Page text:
ELEVENTH CIRCUIT, DECISION OF 11 JUNE 2012, BD. OF TRS. OF THE UNIVERSITY OF ALABAMA V. NEW LIFE ART, INC., ET AL., NO. 09-16412
The Eleventh Circuit held that paintings of University of Alabama football games that depicted the University’s uniforms did not constitute trademark infringement. The use of a trademark in a manner that is artistically relevant to an expressive work does not violate the Lanham Act unless it explicitly misleads consumers as to the source of the work. Therefore, as the artist’s paintings, prints, and calendars in this case were "artistically expressive objects" protected by the First Amendment, the Lanham Act would only apply to such works "where the public interest in avoiding consumer confusion outweighs the public interest in free expression." This decision endorses a restrained view of the Lanham Act to avoid impinging on First Amendment rights.
For nearly three decades, artist Daniel A. Moore has painted realistic University of Alabama football scenes that include depictions of the University’s football uniforms. These paintings have been reproduced as prints and calendars, and have been featured on mugs, t-shirts, and other "mundane products." During the 1990’s, Moore and the University entered into a dozen licensing agreements which were limited to the production and marketing of a specific set of items. But in 2002, the University demanded royalties from Moore for any of his paintings that contained the football uniforms, and when Moore refused, the University sued for breach of contract and trademark infringement. The University contended that the prior licensing agreements prohibited Moore from portraying the uniforms without permission, and, even if they did not, the uniforms were such "strong trademarks" that Moore’s paintings were likely to confuse consumers into believing that the University sponsored or endorsed the products.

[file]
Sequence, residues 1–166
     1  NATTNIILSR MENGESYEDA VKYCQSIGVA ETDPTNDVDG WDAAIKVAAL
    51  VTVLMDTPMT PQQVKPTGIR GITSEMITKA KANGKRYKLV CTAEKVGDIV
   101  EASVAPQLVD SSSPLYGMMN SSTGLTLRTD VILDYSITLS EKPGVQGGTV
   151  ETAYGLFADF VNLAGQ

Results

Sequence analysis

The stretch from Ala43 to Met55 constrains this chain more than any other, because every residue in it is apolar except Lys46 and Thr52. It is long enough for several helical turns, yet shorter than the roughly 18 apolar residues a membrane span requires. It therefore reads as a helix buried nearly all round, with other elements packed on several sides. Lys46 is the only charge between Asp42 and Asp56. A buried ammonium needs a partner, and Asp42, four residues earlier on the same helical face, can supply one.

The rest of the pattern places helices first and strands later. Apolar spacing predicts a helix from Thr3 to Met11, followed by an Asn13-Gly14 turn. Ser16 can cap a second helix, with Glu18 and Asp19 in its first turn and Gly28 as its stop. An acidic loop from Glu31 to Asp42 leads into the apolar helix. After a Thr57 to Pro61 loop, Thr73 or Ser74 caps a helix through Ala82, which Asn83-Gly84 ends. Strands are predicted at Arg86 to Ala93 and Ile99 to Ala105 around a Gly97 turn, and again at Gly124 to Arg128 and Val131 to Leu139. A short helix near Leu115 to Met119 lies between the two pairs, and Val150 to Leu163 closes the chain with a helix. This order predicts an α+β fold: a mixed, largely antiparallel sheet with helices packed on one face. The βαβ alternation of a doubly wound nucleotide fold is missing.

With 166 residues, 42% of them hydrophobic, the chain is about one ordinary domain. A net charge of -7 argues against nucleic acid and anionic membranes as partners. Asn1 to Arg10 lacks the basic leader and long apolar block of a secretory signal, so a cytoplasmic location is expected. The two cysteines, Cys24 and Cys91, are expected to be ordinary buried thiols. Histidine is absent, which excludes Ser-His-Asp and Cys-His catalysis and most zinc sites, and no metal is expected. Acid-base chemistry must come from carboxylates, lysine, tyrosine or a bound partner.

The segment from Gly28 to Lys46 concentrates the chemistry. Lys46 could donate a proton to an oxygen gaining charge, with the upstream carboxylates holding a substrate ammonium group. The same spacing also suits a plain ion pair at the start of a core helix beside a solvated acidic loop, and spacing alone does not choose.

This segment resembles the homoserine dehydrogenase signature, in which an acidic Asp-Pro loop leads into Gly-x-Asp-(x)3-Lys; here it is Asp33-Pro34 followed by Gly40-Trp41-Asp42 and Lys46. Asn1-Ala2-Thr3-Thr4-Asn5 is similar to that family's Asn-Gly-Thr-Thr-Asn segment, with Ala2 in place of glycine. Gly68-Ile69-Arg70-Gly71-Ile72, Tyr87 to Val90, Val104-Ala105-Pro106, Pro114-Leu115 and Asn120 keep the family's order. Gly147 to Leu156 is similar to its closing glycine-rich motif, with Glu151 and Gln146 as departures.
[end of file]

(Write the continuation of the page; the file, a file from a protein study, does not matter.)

The court addressed the arguments on appeal by dividing the products produced by Moore into two categories: paintings, prints, and calendars; then, separately, mugs and other "mundane products."
Looking at the first category, the court determined that the licensing agreements were ambiguous with respect to depiction of the uniforms, but that the conduct of the parties was contrary to a finding that Moore was required to obtain permission every time he portrayed the uniform in a painting, print, or calendar. Analysis of the agreements and subsequent conduct therefore did not resolve the dispute.
The court then moved to a traditional trademark infringement analysis and determined that any likelihood of confusion, if it in fact existed, was outweighed by Moore’s First Amendment rights. In doing so, the court adopted the balancing test articulated by the Second Circuit in Rogers v. Grimaldi, finding that the Lanham Act "should be construed to apply to artistic works only where the public interest in avoiding consumer confusion outweighs the public interest in free expression."1 In holding that the Lanham Act should be read narrowly when deciding if an "artistically expressive work" infringes a trademark, the court found that Moore’s depiction of the University’s uniforms was artistically relevant to his underlying work and therefore "the interest in artistic expression" outweighed the "risk of misunderstanding." Therefore, this category of claims was dismissed.
For the mugs and other "mundane products," the court found that there was a lack of evidence regarding whether the parties intended these products to be covered by the agreements. It was equally unclear whether the University acquiesced to Moore’s use of the trademarks for these products. Accordingly, the court remanded these claims for further fact-finding.